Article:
ADELAIDE – In May 1969, exactly 50 years ago, I first arrived in Port Moresby, having turned 18 a bare six weeks previously.
To the best of my knowledge, with one exception who soon decamped south back to Australia, every other recruit to the service that year was several years older than me.
So I think that I am possibly the youngest former expatriate kiap still living and I turned 68 this year.
While I was stationed in Oro Province from early 1972 to mid-1974, I cannot recall meeting Doug Robbins, who has just died, although I certainly knew his mate Drew Pingo quite well.
Also, I had the privilege of doing patrol work both around Tufi and, on one occasion, at Safia, so I know a bit about the sort of country Doug wrote about in PNG Attitude.
His death, at what I think these days would be regarded as a comparatively young age, is a cause of sadness to me, first and foremost because of the impact it will have upon his family. To them I offer my sincere condolences.
Secondly, and more selfishly, I feel sadness because I sense that another small bit of my life vanishes with him.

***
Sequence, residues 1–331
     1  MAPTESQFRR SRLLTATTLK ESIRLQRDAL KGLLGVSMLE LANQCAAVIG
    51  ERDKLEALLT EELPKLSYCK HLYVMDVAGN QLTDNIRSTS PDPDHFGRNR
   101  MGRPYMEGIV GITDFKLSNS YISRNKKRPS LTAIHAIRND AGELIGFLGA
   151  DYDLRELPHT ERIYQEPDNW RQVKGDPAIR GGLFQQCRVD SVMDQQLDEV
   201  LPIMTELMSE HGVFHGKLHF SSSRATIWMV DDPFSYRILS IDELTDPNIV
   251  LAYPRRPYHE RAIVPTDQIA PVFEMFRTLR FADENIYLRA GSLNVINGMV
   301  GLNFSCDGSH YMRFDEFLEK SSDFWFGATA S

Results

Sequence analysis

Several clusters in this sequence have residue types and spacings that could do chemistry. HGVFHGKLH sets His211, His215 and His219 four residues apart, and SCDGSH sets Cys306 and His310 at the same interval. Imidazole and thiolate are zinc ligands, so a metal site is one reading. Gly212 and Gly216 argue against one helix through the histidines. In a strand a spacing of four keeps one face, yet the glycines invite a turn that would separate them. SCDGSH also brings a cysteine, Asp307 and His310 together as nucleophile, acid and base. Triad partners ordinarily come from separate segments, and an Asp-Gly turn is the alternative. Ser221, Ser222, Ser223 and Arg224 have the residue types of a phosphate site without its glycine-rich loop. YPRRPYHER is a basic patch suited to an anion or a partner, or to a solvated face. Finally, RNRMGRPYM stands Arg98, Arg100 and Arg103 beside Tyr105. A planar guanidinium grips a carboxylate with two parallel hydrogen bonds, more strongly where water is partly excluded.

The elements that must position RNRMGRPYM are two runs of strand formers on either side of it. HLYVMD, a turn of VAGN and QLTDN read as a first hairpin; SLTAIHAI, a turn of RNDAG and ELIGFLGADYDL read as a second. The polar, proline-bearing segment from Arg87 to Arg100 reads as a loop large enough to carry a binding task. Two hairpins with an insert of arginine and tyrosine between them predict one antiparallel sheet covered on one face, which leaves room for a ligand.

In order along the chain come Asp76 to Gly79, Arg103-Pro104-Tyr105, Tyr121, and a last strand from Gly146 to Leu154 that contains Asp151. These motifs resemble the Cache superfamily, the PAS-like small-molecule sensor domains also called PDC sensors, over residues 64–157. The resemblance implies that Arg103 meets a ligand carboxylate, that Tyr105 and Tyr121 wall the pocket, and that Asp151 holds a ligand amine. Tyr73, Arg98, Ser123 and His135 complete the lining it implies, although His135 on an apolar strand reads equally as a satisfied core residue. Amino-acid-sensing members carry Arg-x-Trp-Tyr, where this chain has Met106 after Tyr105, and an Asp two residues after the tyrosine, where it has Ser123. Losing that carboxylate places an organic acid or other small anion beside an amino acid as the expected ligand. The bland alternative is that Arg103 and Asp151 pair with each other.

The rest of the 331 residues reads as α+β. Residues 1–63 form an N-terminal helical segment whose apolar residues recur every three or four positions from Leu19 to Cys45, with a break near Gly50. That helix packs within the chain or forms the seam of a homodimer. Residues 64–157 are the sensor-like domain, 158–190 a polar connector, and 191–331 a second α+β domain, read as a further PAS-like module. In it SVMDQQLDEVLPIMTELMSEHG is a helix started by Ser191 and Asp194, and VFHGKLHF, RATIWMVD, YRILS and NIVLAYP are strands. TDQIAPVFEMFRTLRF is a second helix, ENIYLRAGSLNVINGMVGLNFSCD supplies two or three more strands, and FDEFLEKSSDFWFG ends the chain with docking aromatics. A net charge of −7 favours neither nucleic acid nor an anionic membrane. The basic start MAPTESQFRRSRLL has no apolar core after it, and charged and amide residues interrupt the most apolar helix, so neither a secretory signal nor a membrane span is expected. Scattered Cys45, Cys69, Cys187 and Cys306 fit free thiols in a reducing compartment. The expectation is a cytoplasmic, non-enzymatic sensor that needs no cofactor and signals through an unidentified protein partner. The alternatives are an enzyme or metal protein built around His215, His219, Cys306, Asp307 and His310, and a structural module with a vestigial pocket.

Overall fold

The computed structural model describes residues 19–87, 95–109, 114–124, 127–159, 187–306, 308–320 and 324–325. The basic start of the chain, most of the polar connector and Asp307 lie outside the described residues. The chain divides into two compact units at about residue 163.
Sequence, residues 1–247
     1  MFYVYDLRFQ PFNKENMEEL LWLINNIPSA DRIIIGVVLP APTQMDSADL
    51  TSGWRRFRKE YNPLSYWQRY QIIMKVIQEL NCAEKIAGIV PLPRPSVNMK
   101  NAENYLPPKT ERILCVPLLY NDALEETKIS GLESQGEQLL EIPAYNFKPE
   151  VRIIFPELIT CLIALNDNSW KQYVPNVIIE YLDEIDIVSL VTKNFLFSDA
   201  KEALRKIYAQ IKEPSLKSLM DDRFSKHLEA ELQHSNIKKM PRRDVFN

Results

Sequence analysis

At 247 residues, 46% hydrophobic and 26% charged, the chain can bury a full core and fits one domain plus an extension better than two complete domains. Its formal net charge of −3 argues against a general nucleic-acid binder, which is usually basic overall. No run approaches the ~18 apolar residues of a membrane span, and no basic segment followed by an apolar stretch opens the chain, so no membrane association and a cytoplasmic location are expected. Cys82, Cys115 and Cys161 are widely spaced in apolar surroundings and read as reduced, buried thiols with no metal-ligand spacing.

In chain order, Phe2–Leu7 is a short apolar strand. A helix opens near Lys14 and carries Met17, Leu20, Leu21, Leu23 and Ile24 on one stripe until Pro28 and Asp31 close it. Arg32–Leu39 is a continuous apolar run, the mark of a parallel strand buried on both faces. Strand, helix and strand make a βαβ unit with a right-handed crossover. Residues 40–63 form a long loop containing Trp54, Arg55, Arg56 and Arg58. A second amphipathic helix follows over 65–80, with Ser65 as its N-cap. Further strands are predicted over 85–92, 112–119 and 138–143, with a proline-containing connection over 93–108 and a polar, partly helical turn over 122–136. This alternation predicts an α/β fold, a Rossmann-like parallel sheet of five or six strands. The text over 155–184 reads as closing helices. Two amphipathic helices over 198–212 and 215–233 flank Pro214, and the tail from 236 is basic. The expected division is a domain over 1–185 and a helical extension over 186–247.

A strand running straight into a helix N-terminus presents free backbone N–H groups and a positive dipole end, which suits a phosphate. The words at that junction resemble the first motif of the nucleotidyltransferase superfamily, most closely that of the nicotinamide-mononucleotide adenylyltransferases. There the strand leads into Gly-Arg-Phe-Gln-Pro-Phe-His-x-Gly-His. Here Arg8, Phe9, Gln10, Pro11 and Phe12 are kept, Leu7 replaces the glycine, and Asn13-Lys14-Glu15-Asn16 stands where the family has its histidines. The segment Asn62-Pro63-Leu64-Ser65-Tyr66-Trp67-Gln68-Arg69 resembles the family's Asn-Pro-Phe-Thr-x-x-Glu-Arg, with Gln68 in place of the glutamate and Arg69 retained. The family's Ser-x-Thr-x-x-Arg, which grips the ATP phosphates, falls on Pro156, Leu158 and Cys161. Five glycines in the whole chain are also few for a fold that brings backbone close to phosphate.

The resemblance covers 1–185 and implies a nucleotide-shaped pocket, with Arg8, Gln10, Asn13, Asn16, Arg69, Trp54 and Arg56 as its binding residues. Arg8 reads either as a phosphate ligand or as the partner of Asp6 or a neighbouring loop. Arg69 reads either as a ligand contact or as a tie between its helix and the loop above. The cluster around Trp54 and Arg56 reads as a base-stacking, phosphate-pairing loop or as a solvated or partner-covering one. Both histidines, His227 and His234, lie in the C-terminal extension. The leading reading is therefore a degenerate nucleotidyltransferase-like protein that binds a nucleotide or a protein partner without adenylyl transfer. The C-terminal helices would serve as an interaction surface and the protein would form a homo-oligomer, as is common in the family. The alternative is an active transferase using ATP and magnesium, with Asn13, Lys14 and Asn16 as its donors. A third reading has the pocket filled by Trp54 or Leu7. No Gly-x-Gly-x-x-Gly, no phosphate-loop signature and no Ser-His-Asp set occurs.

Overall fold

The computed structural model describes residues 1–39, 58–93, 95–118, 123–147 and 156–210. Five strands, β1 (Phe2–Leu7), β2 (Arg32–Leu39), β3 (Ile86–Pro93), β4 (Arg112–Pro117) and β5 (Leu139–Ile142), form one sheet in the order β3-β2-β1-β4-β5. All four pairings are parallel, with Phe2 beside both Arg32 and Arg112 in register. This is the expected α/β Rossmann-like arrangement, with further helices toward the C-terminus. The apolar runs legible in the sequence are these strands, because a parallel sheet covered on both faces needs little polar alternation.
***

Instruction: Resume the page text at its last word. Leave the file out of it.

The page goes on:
As I have got older, I have watched as people and things that were familiar to me either simply disappear or are irrevocably changed.
Intellectually, I know that this is just the way things go in modern life, the only permanent feature of which is change.
But emotionally, it just seems that the world with which I was once so at ease and so confident is disappearing before my eyes.
The death of a loved one is always painful and sometimes devastating. We mostly recover from the shock and grief sufficiently to get on with life but, if my experience is any guide, a little bit of us never really gets over it.
While I cannot claim any direct association with Doug he was, like me, a member of that somewhat vague and amorphous "band of brothers" who share experiences and memories about a time and place that very few others can understand.
For that reason, his death is a cause of sadness for me and, I expect, more than a few others who may not have known him but at least knew of him.
So, I say vale, Doug. May your last patrol be a good one and your old comrades who have gone before awaiting you with a cold beer and a smile.